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[yoo-toh-pee-uh] /yuˈtoʊ pi ə/
an imaginary island described in Sir Thomas More's Utopia (1516) as enjoying perfection in law, politics, etc.
(usually lowercase) an ideal place or state.
(usually lowercase) any visionary system of political or social perfection.
Origin of Utopia
< New Latin (1516) < Greek ou not + tóp(os) a place + -ia -y3 Unabridged
Based on the Random House Dictionary, © Random House, Inc. 2018.
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Examples from the Web for Utopia
Contemporary Examples
Historical Examples
  • They are said, though it is not easy to believe, to have been elaborated by way of Utopia.

  • And 'the secret has perished' with him; to this day the place of Utopia remains unknown.

    The Republic Plato
  • The 'New Atlantis' is only a fragment, and far inferior in merit to the 'Utopia.'

    The Republic Plato
  • I have at last seen the Utopia at Paris printed, but with many misprints.

  • If we cannot hope to turn it into Utopia, let us at least make it as much like Utopia as we can.

British Dictionary definitions for Utopia


(sometimes not capital) any real or imaginary society, place, state, etc, considered to be perfect or ideal
Word Origin
C16: from New Latin Utopia (coined by Sir Thomas More in 1516 as the title of his book that described an imaginary island representing the perfect society), literally: no place, from Greek ou not + topos a place
Collins English Dictionary - Complete & Unabridged 2012 Digital Edition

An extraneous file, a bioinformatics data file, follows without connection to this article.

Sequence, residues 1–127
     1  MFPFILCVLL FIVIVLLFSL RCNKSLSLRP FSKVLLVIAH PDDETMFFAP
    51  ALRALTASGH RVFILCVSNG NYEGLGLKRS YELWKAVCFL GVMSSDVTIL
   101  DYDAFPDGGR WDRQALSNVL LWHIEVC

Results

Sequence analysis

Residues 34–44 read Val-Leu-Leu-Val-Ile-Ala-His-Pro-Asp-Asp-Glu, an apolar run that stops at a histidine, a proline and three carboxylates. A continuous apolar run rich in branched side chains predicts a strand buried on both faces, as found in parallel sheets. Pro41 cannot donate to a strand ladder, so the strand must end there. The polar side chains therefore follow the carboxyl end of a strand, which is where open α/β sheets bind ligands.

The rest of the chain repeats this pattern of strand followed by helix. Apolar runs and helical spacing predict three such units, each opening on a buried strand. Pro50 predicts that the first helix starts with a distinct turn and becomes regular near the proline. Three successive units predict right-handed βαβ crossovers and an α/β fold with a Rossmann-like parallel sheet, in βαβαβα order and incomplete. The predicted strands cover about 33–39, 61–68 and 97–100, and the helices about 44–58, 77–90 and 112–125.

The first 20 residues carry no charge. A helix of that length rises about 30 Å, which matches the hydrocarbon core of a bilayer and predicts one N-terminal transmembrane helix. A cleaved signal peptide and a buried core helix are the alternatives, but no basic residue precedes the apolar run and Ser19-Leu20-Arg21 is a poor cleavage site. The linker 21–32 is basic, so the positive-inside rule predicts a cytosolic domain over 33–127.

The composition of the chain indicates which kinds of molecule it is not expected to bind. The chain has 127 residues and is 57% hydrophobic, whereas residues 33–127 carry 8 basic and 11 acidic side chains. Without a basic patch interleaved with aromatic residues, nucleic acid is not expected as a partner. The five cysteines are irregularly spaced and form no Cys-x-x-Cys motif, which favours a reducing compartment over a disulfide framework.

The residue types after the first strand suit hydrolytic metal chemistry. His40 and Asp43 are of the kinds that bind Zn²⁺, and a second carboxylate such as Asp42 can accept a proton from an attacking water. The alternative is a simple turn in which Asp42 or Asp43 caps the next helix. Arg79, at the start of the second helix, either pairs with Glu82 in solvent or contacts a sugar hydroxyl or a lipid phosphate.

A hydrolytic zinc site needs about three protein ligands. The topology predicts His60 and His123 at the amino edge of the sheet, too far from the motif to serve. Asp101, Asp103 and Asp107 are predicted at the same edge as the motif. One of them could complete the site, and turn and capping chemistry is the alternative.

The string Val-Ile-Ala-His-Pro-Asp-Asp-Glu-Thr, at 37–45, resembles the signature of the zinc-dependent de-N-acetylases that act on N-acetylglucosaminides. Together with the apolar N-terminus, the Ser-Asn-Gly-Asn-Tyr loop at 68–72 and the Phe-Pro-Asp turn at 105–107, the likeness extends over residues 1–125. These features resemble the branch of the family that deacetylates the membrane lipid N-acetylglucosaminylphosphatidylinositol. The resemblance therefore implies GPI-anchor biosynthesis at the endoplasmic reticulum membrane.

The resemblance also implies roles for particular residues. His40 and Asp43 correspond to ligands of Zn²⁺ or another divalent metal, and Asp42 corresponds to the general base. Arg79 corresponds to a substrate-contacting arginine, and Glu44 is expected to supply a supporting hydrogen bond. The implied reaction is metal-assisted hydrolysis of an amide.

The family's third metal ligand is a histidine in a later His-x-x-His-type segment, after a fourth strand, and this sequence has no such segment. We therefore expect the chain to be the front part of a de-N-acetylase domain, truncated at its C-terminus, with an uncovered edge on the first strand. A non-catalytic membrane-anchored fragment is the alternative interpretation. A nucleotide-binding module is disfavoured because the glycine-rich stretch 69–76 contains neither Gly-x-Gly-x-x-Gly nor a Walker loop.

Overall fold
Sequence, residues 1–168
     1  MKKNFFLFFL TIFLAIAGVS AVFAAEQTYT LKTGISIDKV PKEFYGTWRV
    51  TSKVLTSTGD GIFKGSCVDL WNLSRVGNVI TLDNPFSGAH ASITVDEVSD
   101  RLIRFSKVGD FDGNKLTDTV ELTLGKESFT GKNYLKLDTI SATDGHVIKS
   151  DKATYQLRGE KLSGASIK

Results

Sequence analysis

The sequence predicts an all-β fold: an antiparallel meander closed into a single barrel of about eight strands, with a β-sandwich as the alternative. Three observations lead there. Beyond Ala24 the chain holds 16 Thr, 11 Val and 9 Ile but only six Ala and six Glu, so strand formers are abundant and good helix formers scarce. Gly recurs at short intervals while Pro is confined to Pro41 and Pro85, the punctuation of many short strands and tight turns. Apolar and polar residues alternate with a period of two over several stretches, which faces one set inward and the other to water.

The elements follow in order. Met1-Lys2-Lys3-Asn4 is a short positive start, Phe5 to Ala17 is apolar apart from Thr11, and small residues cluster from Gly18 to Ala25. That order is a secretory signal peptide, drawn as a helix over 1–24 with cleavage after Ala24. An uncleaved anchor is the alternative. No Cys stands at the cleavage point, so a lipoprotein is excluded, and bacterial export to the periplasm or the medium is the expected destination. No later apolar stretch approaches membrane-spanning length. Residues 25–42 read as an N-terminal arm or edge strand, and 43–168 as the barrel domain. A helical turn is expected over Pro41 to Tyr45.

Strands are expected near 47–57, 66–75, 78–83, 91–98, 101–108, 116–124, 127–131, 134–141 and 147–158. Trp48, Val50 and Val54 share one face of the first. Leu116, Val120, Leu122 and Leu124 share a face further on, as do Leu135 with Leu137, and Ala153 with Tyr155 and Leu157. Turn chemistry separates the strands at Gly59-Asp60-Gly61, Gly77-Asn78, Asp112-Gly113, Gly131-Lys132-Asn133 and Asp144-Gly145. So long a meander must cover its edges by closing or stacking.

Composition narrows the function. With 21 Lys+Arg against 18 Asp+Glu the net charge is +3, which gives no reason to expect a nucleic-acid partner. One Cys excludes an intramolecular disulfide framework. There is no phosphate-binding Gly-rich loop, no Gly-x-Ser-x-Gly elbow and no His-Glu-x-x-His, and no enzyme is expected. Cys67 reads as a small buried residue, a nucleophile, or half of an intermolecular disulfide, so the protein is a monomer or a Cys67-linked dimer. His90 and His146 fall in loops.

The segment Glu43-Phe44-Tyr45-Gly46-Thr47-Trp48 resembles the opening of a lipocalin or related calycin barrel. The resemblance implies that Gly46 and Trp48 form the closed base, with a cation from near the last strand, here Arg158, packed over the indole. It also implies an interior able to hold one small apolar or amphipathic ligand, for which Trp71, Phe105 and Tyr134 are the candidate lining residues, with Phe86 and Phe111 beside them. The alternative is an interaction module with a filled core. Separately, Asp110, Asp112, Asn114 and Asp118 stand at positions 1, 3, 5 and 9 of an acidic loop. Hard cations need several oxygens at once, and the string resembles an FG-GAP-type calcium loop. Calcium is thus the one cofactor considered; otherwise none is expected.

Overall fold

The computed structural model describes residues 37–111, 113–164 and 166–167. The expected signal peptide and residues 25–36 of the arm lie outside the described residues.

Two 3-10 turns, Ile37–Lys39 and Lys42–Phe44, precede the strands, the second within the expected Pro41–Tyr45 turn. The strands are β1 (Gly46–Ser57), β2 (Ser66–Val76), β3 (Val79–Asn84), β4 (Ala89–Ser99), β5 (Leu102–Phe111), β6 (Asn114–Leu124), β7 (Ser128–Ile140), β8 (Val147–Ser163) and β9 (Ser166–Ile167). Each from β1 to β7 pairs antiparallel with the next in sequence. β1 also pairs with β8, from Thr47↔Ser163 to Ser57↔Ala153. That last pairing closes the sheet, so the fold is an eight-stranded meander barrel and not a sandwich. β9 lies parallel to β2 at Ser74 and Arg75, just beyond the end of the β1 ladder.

© William Collins Sons & Co. Ltd. 1979, 1986 © HarperCollins
Publishers 1998, 2000, 2003, 2005, 2006, 2007, 2009, 2012
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Word Origin and History for Utopia



1550s, from Modern Latin Utopia, literally "nowhere," coined by Thomas More (and used as title of his book, 1516, about an imaginary island enjoying perfect legal, social, and political systems), from Greek ou "not" + topos "place" (see topos). Extended to "any perfect place," 1610s.

Online Etymology Dictionary, © 2010 Douglas Harper
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Utopia in Culture

Utopia definition

(1516) A book by Sir Thomas More that describes an imaginary ideal society free of poverty and suffering. The expression utopia is coined from Greek words and means “no place.”

Note: By extension, a “utopia” is any ideal state.
The New Dictionary of Cultural Literacy, Third Edition
Copyright © 2005 by Houghton Mifflin Company.
Published by Houghton Mifflin Company. All rights reserved.
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